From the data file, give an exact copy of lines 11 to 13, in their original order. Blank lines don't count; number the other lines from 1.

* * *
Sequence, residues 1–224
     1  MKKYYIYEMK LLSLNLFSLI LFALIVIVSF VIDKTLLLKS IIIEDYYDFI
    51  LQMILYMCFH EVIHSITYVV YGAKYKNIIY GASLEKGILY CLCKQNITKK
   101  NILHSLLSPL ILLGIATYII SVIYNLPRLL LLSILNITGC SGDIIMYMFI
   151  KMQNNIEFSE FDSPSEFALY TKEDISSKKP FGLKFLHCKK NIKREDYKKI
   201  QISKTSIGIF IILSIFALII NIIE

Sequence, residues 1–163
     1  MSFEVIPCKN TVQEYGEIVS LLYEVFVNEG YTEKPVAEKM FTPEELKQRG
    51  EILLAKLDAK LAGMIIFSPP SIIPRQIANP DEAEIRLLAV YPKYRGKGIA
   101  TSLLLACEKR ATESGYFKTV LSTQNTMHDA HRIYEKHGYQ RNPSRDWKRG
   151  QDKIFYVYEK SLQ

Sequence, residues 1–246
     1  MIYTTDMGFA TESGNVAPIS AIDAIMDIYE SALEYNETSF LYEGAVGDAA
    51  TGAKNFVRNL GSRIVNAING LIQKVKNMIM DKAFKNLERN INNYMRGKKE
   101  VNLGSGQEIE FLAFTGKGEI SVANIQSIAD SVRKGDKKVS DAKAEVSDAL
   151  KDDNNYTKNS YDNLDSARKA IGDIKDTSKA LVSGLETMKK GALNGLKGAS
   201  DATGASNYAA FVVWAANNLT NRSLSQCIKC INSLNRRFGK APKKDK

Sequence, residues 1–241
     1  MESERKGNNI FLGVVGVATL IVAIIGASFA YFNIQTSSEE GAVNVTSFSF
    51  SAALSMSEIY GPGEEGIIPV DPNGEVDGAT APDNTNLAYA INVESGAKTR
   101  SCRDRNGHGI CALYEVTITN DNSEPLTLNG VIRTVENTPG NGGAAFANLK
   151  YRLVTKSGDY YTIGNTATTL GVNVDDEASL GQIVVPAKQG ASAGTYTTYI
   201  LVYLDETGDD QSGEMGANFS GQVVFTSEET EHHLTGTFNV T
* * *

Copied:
   151  QDKIFYVYEK SLQ

Sequence, residues 1–246
     1  MIYTTDMGFA TESGNVAPIS AIDAIMDIYE SALEYNETSF LYEGAVGDAA